It is the last text in the Bible and it fits well the last day of the year. It is well we should take a blessing to ourselves, or at least try to fancy that it may be ours, for we need it sorely on this day. Dwell as we will on the brighter side of things, life is very hard, and men and women are hard on one another, and we ourselves are growing hard, and that is the worst of all. We need something to soften, in no enfeebling way, the hardness of life, and of men, and of our own heart. And most of the blessings we seek of our own will, weaken our souls, and in the weakening make us harder in the future. But the grace of our Lord Jesus Christ, if we could win it and take it, softens all things by making us stronger towards goodness and truth and righteousness and love. What is it? What is His grace? Whatever it is, it does not come from one who is ignorant of all we need. He has known to the full the weight of human suffering, and the blessing of His grace that is with us is brought home to us by that knowledge. Christ can give inspiration, can bless, and give of His power because He mastered the evil forces of life. None have ever done that so completely, but many can do it in His spirit. And those who do, can help and bless their fellows in proportion to their victory. Remember that this day, you who are in warfare with pain or guilt. You will be able to bring grace and blessing to others in the future, whatever your pain be now, if you conquer it. And, in order to conquer, win His grace who has conquered, and who will give it to you. That grace is, first, kindness, the goodwill of love. It is the showing forth of all those sweet and beautiful qualities which make home and social life so dear, and the showing forth of them in perfection. It is the filial tenderness which laid down the consciousness of genius and all its impulses for thirty years at the feet of His mother in a quiet and silent life and which won her pondering and passionate love. It is the penetrating love which saw into the character of His friends and made them believe in their own capacity for greatness, which led men like Peter and John and James to find out and love one another, which bound His followers together in a love that outlasted death. It is the tender insight which saw into the publican's heart, which when the sinner drew near in tears, believed in her repentance and exalted her into a saint, which had compassion on the multitude and on the weariness of a few, which wept over Jerusalem, which in all human life and the movement of its passions and hopes and faiths did, said, and thought the loving and just thing at the right moment, without doing or saying the weak thing. Think of it all, you who know the story, and an image of the grace of Christ as loving-kindness will grow before your soul. And it will be strange if you do not, ravished with the sight, say, "Let that blessed power be mine in life. May the grace of the Lord Jesus be with me." But there is more in it than this. Human love, left alone, spends itself only on those near to us, or on those that love us in return, and, in its form of kindness and pity, on those whom we compassionate. Kept within a narrow circle, it tends to have family or a social selfishness. Given only to those who suffer, it tends to become self-satisfied. To be perfect, it ought to reach, through frank forgiveness, those who injure us; through interest in the interests, ideas, and movements of human progress, those who are beyond our own circle, in our nation, nay, even in the world; and finally all men, those even who are our bitterest foes, through desire that they should have good and be good. It was the very glory of the grace of Christ, as love, that it rose into this wonderful height and universality. All men were infinitely precious and divine in Christ's sight, for He saw them all consciously and unconsciously going into the outstretched arms of God. Therefore He could not help loving them all. That is the grace of Christ — the loving-kindness of Jesus — the human love raised into the Divine without losing one touch of its humanity, save only as light is lost in greater light. I pray that this grace of Christ be with you all; the grace of natural love lifted into Divine and universal love through faith in the Fatherhood of God. It is Christ's to give because He had it, and when we have it we can give it also. Gain it and give it, and you will be blessed and a blessing. Secondly, grace has another meaning other than loving-kindness. It means the kind of beauty we express by the word charm; and in this sense we may translate the text, "The beautiful charm of Christ be with you all." Do you remember how, when the world-worn Pharisee expressed his scorn of the sinful woman, Christ felt her boundless love, and said, "Her sins, which are many, are forgiven; for she loved much"; how, when Mary sat at His feet and was blamed by Martha, He alone saw love and rightness of choice in her silence; how, when the rude utilitarian saw waste in the extravagant love which lavished on Him the precious spikenard, He accepted it, not for its extravagance, but for its passion; how when Peter had sinned by a threefold treachery, He believed in the repentance, and only gave one look of sore and loving reproach; how, when He was dying, He provided for His friend a mother, and for His mother a son? What charm, what grace in them all! And their beauty could not stand alone. That kind of exquisite sensitiveness flowered through the whole of His life with men. It was His grace, and all felt its charm. Nor is it less seen in His speech than in His act. In directness, in temperance, in a certain sweet wisdom and ordered humanity, and in the beauty that results from these, there is nothing in the loveliest Greek work which matches the parables of Christ, or such sayings as "Consider the lilies of the field, how they grow; they toil not, neither do they spin; and yet I say unto you, that even Solomon in all his glory was not arrayed like one of these"; or "Come unto me, all ye that labour," etc. In thinking of Him as the Man of Sorrows, in having imposed on us by the ascetic that He had no form or comeliness, we forget what must have been His irresistible charm. In the reaction which Christendom felt from that heathen worship of beauty which ended in moral deformity, nay, linked beauty to sensualism, the loveliness of Christ was too long hidden from us; we lost the sense of His grace in the meaning which the nobler Greek would have given to the term. Do not you forget it. Seek the blessing of the charm that comes of sensitiveness to the feelings of others, of sensitiveness to all that is beautiful, of an inward harmony of nature, and of the expression of that harmony in beautiful act and speech. Say to yourselves in this sense also, "The grace of the Lord Jesus be with me and all." And if we are worthy of it and see it, He will give it to us. It is given, indeed, through our seeing it. The moment we see loveliness we cannot help desiring it, and the moment we desire it we begin our effort after it. It is by being beautiful that Christ gives us of His beauty, and makes us into His image. It is in quite a natural, and not a supernatural manner that we are "changed into the same image from glory to glory." Once more, His grace and His love of doing and being the Beautiful was not apart from, or greater than, His love of, and doing of moral things, but coincident with them. Nothing which was false or impure or unjust was, in itself, beautiful to Christ, and the first glory of His grace and charm was its harmony with righteousness. We look at it, then, not only with tenderness, such as we feel for loving-kindness, not only with delight, such as we feel for beauty, but also with all that earnest approval and grave enthusiasm which we give to things and persons who are good. Christ's charm has its root in love, and is identical with truth and justice and purity and courage. It grasps the hand of the Platonist and the Stoic alike, without the vagueness of the one and the rigour of the other. And while it holds to the Epicurean so far as the early Epicureans said that pleasure was the highest good because goodness was identical with pleasure, it turns aside from the later Epicureans and from those of our day who put pleasure in beauty first, to the loss or lessening of moral goodness. Guarded thus on all sides, yet taking in all that is noble in all efforts to find the highest good, it was in truth grace in its sense of beauty that Christ possessed. That grace, so guarded, so complete, pray that it may be with you all in the year. It will bless your lives and it will make of you a blessing. It will make you at one with all that is tender, pitiful, dear, and sweet in human loving-kindness. It will make you at one with all that is sensitive and delicate and graceful in manner and speech, and create in you an harmonious soul. Men will think your life beautiful, and inspiration and effort will flow from it. It will make you at one with moral good, just and true and pure. And it will take all that is loving in humanity, and all that is fair, and all that is moral, and link them to and complete them by uniting them to the love of God, and to God's love for all men; so that to human love and moral love and imaginative love will be added the spiritual love which gathers them all into perfection.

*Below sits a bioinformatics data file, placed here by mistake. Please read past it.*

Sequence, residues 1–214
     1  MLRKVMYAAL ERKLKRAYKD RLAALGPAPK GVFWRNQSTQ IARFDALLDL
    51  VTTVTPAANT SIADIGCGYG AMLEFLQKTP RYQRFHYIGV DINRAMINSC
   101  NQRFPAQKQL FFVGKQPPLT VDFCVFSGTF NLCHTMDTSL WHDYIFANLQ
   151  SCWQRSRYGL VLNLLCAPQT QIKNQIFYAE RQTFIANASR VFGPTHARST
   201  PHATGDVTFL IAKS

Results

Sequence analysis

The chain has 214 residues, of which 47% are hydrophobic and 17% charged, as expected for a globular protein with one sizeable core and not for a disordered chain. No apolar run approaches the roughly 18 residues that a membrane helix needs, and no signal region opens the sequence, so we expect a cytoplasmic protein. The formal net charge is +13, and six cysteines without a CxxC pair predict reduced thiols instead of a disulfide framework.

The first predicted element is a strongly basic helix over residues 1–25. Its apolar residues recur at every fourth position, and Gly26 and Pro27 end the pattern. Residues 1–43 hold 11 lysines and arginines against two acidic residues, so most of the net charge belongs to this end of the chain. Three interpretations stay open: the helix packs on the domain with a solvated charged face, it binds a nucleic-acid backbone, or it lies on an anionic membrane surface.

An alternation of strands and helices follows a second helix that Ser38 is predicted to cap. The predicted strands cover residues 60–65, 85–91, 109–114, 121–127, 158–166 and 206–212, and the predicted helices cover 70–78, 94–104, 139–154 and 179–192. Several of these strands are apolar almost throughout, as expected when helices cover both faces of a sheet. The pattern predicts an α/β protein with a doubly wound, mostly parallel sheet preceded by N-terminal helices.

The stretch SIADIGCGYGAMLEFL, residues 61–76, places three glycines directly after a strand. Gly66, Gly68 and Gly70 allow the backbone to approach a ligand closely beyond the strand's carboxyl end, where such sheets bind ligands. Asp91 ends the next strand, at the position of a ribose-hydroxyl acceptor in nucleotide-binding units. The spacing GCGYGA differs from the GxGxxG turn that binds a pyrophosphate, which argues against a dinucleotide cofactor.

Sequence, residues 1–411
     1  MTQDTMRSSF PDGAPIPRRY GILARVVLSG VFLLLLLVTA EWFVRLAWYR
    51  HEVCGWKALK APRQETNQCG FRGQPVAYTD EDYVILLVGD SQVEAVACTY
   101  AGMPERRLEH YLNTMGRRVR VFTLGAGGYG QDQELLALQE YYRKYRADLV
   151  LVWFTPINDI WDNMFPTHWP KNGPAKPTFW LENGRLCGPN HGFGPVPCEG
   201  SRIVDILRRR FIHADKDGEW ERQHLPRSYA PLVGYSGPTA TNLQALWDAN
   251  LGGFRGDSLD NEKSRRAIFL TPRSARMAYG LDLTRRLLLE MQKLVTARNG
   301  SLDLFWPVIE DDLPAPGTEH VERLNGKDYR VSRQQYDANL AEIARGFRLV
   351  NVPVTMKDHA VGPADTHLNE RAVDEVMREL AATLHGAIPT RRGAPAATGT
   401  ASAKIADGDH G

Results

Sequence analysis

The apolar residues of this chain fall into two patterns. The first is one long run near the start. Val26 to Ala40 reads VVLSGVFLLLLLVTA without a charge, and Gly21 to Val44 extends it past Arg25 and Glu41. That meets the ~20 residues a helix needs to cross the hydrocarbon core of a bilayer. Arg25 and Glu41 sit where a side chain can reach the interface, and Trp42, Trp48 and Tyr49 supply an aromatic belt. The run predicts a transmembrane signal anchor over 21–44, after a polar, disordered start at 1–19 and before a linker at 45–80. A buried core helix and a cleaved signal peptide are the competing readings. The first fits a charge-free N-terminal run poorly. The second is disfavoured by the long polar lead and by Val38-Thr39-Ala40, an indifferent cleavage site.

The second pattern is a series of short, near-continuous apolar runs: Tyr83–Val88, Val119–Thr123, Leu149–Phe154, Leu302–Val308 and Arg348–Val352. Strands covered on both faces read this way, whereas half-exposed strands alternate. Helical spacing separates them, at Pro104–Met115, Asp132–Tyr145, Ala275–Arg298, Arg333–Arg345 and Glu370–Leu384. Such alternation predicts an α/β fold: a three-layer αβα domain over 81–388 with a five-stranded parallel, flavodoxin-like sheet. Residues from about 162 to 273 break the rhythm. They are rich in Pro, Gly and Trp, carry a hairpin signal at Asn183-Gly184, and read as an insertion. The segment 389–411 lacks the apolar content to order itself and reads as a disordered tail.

(S. A. Brooke, M. A.)